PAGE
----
School Talk: A statement from 1897 on school budgets
By Josh O'Gorman
Staff Writer | March 04,2013
In honor of the upcoming school budget votes, I would like to share a brief statement from a local school board.
“The usual amount of dissatisfaction has been expressed throughout the town the past year in regard to our schools, but not withstanding this, the most of our schools have been profitable to the town. I would suggest that parents express more interest in our schools; keep the children in school. Five schools of 26 weeks have been supported as children in the east part of the town have been schooled in the town of Bridgewater.
United States Histories have been added to the text books of the town the past year at a cost of $20.00, other school books have been purchased to fetch up the aggregate expense for books for the year to $50.00.
This statement came from the 1897 Sherburne Town Report. It sparked a few thoughts for me. First of all, there has always been and will always be people who express “the usual amount of dissatisfaction” with its schools. Anyone who remembers the good old days when a community supported its schools without complaint or reservation is remembering a time when he or she was in school and not aware or concerned with the school budget. Adjusted for inflation, those history books would cost $543 today and the total cost for books that year would have been $1,348.
What’s my point? School has always been an expensive proposition, because education is an important endeavor and things that are important cost money. You get what you pay for, folks, and I have no doubt there were Sherburne taxpayers back in 1897 arguing that in those tough economic times the kids really didn’t need new history books. I’m not suggesting which way you should vote on anything, but just hoping you’ll recognize that tough economic times and calls to slash school budgets are nothing new. I think Jeff Tweedy of Wilco sums it up in his song, “You Never Know”
“Come on children
You’re acting like children
Every generation thinks
It’s the end of the world.”
Manufacturing exhibits at Montshire Museum
I recently had a roommate who really enjoyed a program on the Science Channel called “How It’s Made” that shows the details behind the manufacturing of all sorts of things: ham, Venetian blinds, baseballs and so on. Fans of that show and the generally curious will enjoy a new exhibit at Montshire Museum in Norwich called “How People Make Things.”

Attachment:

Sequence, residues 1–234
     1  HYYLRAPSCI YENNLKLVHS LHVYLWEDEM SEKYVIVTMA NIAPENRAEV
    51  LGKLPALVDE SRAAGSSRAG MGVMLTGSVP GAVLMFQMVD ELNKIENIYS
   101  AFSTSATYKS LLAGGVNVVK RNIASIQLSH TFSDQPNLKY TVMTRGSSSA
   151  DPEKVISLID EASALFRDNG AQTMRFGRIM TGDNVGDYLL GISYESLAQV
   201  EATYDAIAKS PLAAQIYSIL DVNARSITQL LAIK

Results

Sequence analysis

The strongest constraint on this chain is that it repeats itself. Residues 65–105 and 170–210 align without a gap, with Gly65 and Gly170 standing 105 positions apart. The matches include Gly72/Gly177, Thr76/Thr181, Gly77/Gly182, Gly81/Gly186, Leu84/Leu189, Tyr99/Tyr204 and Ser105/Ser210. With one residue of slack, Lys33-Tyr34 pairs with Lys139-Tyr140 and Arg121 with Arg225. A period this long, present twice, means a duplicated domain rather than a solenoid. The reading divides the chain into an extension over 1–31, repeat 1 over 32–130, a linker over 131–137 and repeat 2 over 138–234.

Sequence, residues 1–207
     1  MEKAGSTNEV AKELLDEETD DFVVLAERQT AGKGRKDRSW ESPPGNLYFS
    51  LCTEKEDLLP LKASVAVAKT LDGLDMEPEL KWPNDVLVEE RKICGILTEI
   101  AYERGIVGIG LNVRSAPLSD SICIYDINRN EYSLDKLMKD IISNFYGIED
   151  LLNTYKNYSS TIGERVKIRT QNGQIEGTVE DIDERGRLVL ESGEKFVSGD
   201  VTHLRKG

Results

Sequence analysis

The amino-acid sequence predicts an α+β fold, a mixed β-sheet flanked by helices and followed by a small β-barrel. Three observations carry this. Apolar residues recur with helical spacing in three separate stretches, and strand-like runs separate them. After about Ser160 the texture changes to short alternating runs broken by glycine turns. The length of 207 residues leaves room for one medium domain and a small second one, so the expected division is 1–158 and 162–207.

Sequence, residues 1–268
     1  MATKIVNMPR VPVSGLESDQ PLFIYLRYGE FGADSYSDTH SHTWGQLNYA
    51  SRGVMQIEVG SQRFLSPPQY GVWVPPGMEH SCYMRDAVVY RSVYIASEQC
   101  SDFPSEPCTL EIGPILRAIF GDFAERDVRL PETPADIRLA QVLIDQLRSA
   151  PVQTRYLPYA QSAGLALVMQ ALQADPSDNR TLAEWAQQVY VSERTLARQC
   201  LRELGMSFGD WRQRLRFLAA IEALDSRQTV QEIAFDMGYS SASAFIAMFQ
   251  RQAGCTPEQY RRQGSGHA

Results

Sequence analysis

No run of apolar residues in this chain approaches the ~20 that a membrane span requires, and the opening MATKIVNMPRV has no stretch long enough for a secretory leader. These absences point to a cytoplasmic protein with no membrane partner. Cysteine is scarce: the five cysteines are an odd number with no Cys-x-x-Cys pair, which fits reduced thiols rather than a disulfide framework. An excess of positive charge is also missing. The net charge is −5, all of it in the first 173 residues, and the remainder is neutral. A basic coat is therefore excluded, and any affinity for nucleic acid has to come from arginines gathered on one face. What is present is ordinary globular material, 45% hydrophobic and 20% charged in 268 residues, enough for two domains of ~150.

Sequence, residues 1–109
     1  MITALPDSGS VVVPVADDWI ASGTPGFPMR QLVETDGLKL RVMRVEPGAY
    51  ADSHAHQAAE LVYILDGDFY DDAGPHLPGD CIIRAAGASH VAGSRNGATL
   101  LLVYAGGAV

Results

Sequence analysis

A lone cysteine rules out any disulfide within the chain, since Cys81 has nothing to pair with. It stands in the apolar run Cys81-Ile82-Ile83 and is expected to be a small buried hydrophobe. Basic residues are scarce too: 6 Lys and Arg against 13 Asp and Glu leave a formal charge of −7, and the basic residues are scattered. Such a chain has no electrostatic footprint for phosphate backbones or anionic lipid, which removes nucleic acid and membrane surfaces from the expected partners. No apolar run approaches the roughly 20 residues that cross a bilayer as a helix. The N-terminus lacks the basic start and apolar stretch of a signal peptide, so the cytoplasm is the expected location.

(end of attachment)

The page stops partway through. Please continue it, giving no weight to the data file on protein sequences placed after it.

The exhibit links familiar childhood objects to a process of manufacturing that combines people, ideas and technology.
“How People Make Things” is inspired by the factory-tour segments from the PBS children’s program “Mister Rogers’ Neighborhood” and it offers hands-on activities using real factory tools and machines to create objects with four manufacturing processes: molding, cutting, deforming and assembly.
Visitors can use a die cutter to make a box and a horse, operate a three-axis mill to carve a block of wax, assemble parts of a real golf cart, and race a robotic arm to see who can more quickly assemble a replica of the signature trolley from “Mister Rogers’ Neighborhood.”
Everyday products featured in the exhibit include 10,000 Crayola crayons in 90 colors, 10,000 plastic pellets, 300 ice cream cups, stop lights, cooking pans, sneakers, baseball bats, baseball mitts and matchbox cars.
The exhibit will run until June 2. The museum is open from 10 a.m. to 5 p.m. daily. For more information, visit www.montshire.org.
Are you gifted?
I was reminded of Garrison Keillor’s regular closing to the weekly news from Lake Wobegon, “where all the women are strong, all the men are good-looking, and all the children are above average.” The Vermont Council for Gifted Education — yes, there is an organization with that name — is looking for applicants for the 2013 Nicholas Green Distinguished Student Award. This award is made to a student in third through sixth grade who has distinguished himself or herself in academics, leadership or the arts.
An essay and a letter of recommendation are required. Students may nominate themselves or be nominated by parents, teachers, students or community or civic groups. One student will receive the award.
For an application packet, email Alice Maurer at firstname.lastname@example.org. Completed applications must be postmarked by March 31. The winner will be announced April 15. For more information about the award, visit www.nagc.org.
The Mettawee Community School is holding “Mettawee Mania: A Talent Extravaganza” at 7 p.m. Saturday. In addition to what will be an extraordinary display of singing, dancing and who-knows-what-else, it will also be an opportunity to support the Pawlet and Rupert food pantries. For every nonperishable food item, the donor will receive a free raffle ticket for entry into drawing for a Kindle Fire HD 16GB Tablet. There is no limit to the number of items one person may donate.
Tickets are on sale at the Mettawee Community School. Adults are $7, seniors and students are $5 and children 3 and younger are free. For more information, call 645-9009.